Thanks for pushing Spence… I’ve been very unfair to you guys, yes it has been ages, my apologies!
It has been a very challenging past couple of months. We’ve had some personal medical issues at home and production issues in Sturgis, both of which have caused substantial distraction and delay to the project. So, I haven’t really been able to post any updates.
HOWEVER, Kurt and I just spent last week working on the truck, and we’re back on track and there is some great momentum.
Here’s a start of what’s new since you last heard from us. There’s much more to tell which I will post over the coming couple of weeks. (I promise!)
When I last posted, we were just headed for the Overland Expo in Arizona. It was an AMAZING event, and it was so great to meet so many of you there. It’s kind of funny, you build a big project like this pretty much in isolation in the shop (aside from ExPo posts of course) so, to be able to walk through the truck with so many of you and get real-time questions and suggestions was great. I have incorporated a lot of those suggestions into the truck now.
Here’s some truck porn from the drive out to Arizona:
On the way out I stopped in New Mexico to meet Doug Streight (“Spressomon”) and pick up his Adventure Trailer Horizon, which is now the first member of the Muskoka Foundation‘s fleet of FREE trailers for people interested in doing some volunteer work on their next Overland Adventure.
Here he is saying good bye to his trailer and how tiny it looks behind the truck…
In order to tow the trailer, we built a removable 2″ receiver hitch on the back of the EcoRoamer, that allows us to tow class 5 level trailers, but also comes apart in pieces so we don’t sacrifice our departure angle when not towing. Here is what it kind of looks like:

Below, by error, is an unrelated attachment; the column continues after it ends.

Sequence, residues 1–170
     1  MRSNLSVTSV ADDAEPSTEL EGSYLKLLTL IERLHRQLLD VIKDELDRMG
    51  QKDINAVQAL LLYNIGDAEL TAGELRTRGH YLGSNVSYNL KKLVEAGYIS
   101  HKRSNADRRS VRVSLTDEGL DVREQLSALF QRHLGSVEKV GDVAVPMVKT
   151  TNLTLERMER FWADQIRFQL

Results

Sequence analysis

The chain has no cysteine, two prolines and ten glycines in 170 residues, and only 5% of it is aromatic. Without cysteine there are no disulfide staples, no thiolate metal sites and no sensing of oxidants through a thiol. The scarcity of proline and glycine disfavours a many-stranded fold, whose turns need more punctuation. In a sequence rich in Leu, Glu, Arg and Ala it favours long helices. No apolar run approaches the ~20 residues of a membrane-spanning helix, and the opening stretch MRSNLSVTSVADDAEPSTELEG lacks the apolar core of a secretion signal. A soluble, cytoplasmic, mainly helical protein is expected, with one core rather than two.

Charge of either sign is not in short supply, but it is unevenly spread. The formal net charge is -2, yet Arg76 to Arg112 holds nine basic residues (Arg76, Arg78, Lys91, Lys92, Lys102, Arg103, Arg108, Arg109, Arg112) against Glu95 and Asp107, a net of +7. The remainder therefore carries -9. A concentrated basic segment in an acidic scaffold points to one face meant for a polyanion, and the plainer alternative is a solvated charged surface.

It worked great on the way out to Arizona and back.
If you want to learn more about the trailer, see more pictures or sign-up to take it yourself for free, check out the vehicles page here.
At the Overland Expo we launched The Muskoka Foundation, which is our new non-profit to help Overlanders “Do Good As You Go”. Thank you so much to everyone who came up and talked to us. We’ve had over 350 different overland travelers come to the www.TheMuskokaFoundation.org website since the Expo, many of them signing up to potentially be future travelers. So thanks again! Here’s the EcoRoamer doing double duty as our show booth…
One of the things you may have noticed in the above pics, that I haven’t mentioned before is the spare tire rack.
It mounts on the rear ramp door, and has release so that it comes down under it’s own weight with gravity when the door is lowered.
Here’s what it looks like with the tires down:
I’m not happy about having that much weight up so high, but we went through a dozen other possibilities, and I believe this is the best solution. I particularly like that it doesn’t require a separate winch/aparatus, and Alice can run it herself if she ever had to in the middle of nowhere.
Oh, and to answer the question this week, that rear ramp is lowered by the two Warn 2500 winches, that have their controls attached together, so you physically hit both switched simultaneously. There is no electronic syncronization, but it lets you make fine adjustments as you watch it go up/down.
My experience has been that they never run at the same speed so small adjustment is usually required.
Because of the size of the door and the number/strength of the bottom hinges, there’s quite a bit of flex in the door to allow you to adjust it.
As for not pulling it in too far, I’ve been thinking about putting a cut-off feather switch inside the door frame, but that’s just another thing to go wrong. So long as you use your brain, it should be ok. I’ll let you know then I violate that rule and screw it up!
There’s lots more to tell, but that’s all I ave time for today. I’ll post more again tomorrow. Feel free to send me any questions / suggestions – they’re always welcome!
Also, there are loads more pictures available already at: www.EcoRoamer.com
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